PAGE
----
Typically the string has two twists therein, with a portion of the string between the twists, and step (a) is practiced to mount the portion of the string between the twists to the head. The head may be configured, and step (a) practiced, so that the free ends of the string are typically either about 90°, or about 135°, or about 180°, apart during the practice of step (b). Step (a) may in addition to using the groove or slot (or in place thereof) be practiced by clamping the string to the head, or other techniques may be utilized, such as adhesive tape, a material which solidifies but may be removed from the head by application of heat, a solvent, or the like, etc. The groove or slot may be non-linear and step (a) may be practiced by mounting the string so that it extends in the nonlinear groove or slot.

Utilizing the method of the invention it is possible to achieve effective cutting by rotating the head (and a tangential velocity of a free end of the string) at a slower speed than in conventional vegetation trimmers, thus saving on fuel (e.g. gasoline) or electrical energy (if the vegetation cutter is battery powered, or connected by a cord to a 120 volt source). Therefore step (b) may be practiced so that the free end of the string moves at a tangential velocity at least 5% lower (e.g. about 10%, or even more, lower) than the tangential velocity of the free end of a conventional round cross-section nylon string powered by the head, yet with the same or enhanced cutting action.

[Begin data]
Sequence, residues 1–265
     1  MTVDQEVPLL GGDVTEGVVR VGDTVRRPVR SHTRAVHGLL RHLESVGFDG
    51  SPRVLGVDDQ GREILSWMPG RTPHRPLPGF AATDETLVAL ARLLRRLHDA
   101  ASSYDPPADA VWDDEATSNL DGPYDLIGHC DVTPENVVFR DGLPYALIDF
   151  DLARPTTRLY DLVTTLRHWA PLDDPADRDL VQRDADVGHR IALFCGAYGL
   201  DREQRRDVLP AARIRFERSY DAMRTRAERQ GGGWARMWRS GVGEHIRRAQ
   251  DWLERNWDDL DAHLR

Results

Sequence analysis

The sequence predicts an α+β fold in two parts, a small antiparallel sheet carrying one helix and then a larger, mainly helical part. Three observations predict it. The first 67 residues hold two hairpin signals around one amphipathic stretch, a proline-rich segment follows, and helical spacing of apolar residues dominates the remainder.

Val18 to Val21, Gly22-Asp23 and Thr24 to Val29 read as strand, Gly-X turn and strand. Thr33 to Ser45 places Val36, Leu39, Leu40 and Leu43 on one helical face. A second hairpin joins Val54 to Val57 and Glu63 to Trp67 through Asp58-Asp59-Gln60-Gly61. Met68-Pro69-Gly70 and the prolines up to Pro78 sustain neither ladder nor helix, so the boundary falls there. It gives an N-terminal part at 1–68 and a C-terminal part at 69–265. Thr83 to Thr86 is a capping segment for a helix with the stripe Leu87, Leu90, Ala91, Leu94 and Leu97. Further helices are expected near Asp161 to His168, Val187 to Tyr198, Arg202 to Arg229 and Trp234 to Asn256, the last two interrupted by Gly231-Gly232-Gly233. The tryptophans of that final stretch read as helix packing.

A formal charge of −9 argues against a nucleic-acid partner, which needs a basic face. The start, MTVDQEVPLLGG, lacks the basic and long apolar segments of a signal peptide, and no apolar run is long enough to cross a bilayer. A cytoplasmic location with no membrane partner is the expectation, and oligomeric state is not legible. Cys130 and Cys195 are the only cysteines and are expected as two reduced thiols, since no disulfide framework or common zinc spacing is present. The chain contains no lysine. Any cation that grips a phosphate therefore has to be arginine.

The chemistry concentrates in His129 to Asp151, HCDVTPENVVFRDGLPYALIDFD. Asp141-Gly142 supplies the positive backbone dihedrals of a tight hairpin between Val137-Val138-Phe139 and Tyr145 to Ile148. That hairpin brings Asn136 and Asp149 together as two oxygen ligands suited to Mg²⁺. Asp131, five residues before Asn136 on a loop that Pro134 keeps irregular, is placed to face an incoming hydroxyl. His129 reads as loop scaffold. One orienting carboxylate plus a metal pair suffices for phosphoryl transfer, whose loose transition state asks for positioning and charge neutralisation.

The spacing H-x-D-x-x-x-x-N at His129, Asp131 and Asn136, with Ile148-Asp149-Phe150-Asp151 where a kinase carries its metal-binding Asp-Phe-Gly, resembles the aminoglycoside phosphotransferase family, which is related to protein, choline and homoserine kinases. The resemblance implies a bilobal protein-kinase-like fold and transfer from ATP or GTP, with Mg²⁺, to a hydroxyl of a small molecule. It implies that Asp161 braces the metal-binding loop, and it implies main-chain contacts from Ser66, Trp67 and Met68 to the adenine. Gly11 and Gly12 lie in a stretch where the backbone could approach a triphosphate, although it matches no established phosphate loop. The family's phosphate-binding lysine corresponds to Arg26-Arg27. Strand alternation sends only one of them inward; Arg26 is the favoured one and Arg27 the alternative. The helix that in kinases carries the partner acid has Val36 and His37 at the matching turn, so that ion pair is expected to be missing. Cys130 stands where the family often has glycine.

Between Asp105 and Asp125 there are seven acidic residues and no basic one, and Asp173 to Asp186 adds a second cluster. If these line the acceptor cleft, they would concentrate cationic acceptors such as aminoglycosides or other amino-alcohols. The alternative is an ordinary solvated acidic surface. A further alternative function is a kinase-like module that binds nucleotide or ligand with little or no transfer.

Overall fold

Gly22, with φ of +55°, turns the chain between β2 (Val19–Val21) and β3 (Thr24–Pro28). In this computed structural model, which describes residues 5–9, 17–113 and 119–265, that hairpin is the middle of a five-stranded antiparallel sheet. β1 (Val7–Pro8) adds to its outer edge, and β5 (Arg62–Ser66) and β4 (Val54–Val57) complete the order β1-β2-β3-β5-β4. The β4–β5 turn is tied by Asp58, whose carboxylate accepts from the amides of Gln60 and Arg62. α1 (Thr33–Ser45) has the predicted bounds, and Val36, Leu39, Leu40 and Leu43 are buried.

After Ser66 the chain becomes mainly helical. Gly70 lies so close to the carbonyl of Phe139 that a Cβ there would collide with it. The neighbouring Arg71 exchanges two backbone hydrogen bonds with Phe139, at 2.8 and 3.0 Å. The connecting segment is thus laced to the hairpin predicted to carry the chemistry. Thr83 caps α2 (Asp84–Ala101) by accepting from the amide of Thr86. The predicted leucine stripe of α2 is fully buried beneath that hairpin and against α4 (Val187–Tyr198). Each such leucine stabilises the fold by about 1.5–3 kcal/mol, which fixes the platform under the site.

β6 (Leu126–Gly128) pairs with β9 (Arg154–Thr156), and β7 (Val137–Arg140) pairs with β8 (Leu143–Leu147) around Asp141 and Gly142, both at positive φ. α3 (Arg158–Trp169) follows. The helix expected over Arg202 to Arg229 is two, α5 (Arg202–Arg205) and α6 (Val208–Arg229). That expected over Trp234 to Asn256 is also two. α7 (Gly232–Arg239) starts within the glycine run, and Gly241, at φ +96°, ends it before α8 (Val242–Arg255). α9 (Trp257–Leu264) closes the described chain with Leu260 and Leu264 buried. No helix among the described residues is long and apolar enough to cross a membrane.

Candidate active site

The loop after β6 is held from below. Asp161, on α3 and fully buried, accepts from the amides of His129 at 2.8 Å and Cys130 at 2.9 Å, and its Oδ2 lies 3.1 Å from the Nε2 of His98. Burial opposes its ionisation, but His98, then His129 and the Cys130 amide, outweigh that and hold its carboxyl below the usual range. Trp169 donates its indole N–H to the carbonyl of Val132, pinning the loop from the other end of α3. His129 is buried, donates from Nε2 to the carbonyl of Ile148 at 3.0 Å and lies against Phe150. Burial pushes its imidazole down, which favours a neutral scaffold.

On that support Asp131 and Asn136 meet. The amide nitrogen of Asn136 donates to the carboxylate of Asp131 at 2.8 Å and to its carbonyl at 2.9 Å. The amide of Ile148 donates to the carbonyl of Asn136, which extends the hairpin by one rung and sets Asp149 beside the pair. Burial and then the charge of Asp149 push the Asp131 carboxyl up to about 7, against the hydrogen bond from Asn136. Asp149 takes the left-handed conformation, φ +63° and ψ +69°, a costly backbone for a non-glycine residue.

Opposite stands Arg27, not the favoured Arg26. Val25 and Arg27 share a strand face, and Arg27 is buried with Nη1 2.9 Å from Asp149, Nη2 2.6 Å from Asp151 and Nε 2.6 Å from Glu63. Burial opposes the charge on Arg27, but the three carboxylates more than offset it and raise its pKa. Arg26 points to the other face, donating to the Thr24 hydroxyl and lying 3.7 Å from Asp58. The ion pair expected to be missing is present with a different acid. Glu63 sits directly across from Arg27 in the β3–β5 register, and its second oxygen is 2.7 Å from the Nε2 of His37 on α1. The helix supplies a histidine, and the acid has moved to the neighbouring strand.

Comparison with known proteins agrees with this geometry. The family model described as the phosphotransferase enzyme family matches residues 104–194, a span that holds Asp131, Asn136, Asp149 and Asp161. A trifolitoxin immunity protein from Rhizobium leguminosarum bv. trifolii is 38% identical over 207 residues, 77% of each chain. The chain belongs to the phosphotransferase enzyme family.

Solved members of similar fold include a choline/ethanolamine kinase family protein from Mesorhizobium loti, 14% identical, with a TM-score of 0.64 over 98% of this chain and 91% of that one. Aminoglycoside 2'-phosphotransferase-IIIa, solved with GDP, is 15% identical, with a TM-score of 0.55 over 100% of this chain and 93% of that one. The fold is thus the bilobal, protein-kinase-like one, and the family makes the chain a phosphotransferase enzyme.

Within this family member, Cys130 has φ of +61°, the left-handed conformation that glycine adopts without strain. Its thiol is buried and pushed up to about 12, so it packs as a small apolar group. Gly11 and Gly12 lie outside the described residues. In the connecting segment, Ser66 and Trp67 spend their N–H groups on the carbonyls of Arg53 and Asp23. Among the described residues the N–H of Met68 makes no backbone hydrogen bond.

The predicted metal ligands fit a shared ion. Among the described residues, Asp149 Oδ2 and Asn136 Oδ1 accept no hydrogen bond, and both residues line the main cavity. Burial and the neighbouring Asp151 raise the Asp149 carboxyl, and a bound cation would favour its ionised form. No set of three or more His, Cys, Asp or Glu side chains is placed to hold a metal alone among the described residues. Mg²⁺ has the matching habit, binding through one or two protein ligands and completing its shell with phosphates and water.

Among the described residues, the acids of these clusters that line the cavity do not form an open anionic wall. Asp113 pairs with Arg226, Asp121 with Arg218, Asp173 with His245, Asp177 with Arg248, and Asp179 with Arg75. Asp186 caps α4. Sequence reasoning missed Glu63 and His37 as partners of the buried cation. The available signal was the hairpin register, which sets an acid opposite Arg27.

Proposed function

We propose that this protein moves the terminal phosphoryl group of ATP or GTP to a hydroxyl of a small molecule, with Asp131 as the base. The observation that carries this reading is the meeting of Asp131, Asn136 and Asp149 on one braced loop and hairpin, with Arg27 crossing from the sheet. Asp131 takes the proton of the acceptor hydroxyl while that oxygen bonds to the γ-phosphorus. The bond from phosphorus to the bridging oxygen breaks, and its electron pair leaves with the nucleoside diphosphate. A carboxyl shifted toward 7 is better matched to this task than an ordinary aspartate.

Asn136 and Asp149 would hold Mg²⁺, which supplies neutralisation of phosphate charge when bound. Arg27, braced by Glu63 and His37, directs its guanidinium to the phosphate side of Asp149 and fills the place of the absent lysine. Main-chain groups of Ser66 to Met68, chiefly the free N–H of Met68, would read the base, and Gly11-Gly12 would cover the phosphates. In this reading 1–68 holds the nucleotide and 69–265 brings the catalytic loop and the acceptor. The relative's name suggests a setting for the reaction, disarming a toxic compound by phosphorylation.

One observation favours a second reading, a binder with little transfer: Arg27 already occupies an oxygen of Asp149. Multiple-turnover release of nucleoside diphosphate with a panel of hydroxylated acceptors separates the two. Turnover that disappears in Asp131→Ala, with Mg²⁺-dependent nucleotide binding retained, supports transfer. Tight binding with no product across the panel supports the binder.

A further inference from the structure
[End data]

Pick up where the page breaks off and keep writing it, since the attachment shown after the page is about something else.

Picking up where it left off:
According to another aspect of the present invention a string primarily (or substantially) of non-metallic material (such as nylon), and either extruded or molded (but preferably extruded) is provided. The string has: a first long axis and a second short axis, with the second axis less than 85% of the first axis; a length of between about 5-25 inches; a first free end; a second end; and, a permanent living hinge and twist between the first and second ends.

Preferably the twist in the string is between about 30-150° (e.g. about 90°) so that the first axis on one side of the twist makes an angle with respect to the first axis on the other side of the twist of between about 30-150° (e.g. about 90°). Preferably the second end is also a free end, and there is a second living hinge and twist between the first and second ends, and a central portion between the first and second hinges. The central portion may be linear, or could be formed in a pre-determined non-linear shape (such as an S-shape for cooperation with a S-shaped groove or slot that may be asymmetrical or symmetrical). The string may have a wide variety of cross-sections, symmetrical or non-symmetrical (such as substantially a tear drop cross-section when non-symmetrical, or a substantially elliptical cross-section when symmetrical, with the first axis between 1.25-8 times as long as the second axis).